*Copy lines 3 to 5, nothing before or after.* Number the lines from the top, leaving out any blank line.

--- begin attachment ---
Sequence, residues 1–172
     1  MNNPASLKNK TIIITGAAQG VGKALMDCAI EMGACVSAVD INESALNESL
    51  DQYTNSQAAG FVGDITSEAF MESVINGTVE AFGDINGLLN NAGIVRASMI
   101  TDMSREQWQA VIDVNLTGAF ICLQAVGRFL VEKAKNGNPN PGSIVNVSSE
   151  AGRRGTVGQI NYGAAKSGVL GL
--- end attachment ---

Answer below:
    51  DQYTNSQAAG FVGDITSEAF MESVINGTVE AFGDINGLLN NAGIVRASMI
   101  TDMSREQWQA VIDVNLTGAF ICLQAVGRFL VEKAKNGNPN PGSIVNVSSE
   151  AGRRGTVGQI NYGAAKSGVL GL